Aloe vera, one of the oldest plants known to man, is a member of the Lily family. It grows mainly in the dry regions of Africa, Asia, Europe, and America. Out of the 240+ species of aloe, only four are recognised for their nutritional value.
Aloe vera is known as a “miracle plant.” It has a host of health benefits, thanks to its plethora of nutrients – essential amino acids, vitamins A, C, and B-complex. These benefits emerge from a synergy between different nutrients rather than a result of one “magic” ingredient.
Aloe vera works by simply providing excellent nutrition, so that the body can take care of itself. It has no known side-effects, or contra-indications. It is relatively safe for all ages – from infants to the elderly.
Aloe vera is available as gel, spray, lotion, liquid, cream, and in capsule form.
Physicians/therapists recommend creams made from aloe vera for skin eruptions and allergies. This is not all. Gels and lotions have become popular in ayurvedic pharmacies – so much so, cosmetologists are now turning to its therapeutic powers more than ever before.
The gel of aloe vera has as many as 75 nutrients – this facilitates for its use in effective treatment of burns, cuts, abrasions, and allergic reactions. Aloe vera gel must be applied immediately in order to get relief from pain.
It is said that ancient Egyptians used aloe vera to heal battle wounds and cure infections.
Aloe vera liquid is an effective remedy for acidity, indigestion, ulcers, and inflammatory conditions of the digestive tract. This is due to the presence of anti-inflammatory fatty acids – compersterol and B-sitosterol. B-sitosterol is a powerful anti-cholesteromatic too; it helps lower harmful cholesterol levels. It is, therefore, valued as an effective heart-health remedy.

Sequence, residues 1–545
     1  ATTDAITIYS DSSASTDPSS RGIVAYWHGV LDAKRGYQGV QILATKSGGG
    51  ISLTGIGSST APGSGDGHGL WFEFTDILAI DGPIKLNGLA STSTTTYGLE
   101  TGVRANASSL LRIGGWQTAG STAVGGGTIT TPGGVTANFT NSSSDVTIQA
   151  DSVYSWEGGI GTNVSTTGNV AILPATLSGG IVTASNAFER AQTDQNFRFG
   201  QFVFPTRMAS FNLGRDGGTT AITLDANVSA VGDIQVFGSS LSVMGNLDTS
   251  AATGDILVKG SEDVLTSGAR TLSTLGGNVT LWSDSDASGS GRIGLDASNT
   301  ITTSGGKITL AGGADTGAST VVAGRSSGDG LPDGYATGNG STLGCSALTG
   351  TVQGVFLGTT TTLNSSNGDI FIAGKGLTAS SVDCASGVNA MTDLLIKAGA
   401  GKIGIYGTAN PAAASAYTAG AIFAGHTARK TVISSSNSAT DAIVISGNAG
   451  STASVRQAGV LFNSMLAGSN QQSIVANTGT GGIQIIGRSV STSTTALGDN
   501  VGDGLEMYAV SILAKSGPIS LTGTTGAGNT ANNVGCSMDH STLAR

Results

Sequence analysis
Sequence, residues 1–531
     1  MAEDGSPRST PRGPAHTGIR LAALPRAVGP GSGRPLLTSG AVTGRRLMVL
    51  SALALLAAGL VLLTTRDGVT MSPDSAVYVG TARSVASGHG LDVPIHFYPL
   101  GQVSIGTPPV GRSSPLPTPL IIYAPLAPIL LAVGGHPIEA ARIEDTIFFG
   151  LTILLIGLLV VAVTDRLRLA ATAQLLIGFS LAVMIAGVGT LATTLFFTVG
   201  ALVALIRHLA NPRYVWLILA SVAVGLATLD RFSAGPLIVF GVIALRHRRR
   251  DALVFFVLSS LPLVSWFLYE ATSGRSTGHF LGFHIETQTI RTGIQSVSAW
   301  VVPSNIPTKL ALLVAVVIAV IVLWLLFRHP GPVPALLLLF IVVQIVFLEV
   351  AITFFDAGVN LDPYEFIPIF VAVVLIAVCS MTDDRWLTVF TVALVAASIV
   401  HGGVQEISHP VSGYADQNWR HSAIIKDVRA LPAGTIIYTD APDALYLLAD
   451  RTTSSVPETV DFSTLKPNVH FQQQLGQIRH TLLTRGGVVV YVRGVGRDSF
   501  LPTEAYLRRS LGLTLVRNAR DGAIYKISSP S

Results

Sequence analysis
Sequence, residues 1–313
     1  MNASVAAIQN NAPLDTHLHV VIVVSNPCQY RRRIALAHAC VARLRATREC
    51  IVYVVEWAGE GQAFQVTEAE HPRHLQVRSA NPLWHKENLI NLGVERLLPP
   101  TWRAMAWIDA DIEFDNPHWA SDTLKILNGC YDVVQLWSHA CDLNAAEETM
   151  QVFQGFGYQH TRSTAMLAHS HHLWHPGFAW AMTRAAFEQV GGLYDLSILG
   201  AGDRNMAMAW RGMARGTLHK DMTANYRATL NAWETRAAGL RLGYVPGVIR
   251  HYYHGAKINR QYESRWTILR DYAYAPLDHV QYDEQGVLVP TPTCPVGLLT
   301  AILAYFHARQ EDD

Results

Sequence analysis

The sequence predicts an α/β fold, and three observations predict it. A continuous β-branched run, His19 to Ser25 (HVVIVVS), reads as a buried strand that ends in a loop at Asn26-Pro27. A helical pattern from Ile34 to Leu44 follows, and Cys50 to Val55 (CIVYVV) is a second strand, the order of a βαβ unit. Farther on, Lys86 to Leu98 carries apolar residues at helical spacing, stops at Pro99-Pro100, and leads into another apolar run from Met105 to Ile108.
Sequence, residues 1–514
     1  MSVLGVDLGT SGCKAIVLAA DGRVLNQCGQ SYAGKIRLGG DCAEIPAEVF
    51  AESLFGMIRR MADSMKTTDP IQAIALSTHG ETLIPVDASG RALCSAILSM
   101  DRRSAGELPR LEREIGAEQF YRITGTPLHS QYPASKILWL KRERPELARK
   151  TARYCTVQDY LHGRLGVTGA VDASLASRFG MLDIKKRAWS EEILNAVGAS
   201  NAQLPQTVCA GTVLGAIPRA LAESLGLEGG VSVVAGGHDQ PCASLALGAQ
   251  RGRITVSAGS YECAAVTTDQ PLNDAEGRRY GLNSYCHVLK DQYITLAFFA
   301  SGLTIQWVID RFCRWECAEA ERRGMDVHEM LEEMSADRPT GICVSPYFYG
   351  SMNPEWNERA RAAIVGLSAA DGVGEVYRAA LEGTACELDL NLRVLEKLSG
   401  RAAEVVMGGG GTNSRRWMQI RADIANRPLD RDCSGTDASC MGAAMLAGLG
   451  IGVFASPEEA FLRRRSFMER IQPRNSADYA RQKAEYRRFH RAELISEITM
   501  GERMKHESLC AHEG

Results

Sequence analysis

Herbalists suggest that for good benefits to accrue, you should consume at least 2-3 oz [approximately 120-180 ml] of aloe vera, at least once a day.
Muscle and arthritic pain in the joints can also be reduced by the application of aloe vera gels, or sprays, or when taken as juice.
Aloe vera is an immune system stimulant, a powerful anti-inflammatory, and an analgesic. It not only repairs damaged tissue by regenerating cells, it also helps diffuse damaged tissue – a type of detoxification process.
Aloe vera contains polysaccharides, or complex carbohydrates. Over the last two decades, research in Japan has shown that aloe vera polysaccharides resemble natural parts of the cell walls of bacteria and can, thus, stimulate immune response. In Russia, extensive studies have shown the effectiveness of aloe vera in flushing out harmful toxins from the body. Experts also suggest that aloe vera can help prolong survival time of cancer and HIV positive patients.
The benefits of aloe vera extend to the production of collagen and elastin, too – both of which are necessary to prevent aging of the skin.
As a moisturiser, aloe vera is extremely popular – it removes dead cells, and softens your skin. It also reduces the intensity of pigmentation.
In other words, it lightens dark spots on your face. Whether you use aloe vera as a vital ingredient in your beauty treatment plan, or take it as a dietary supplement, its health benefits are immense.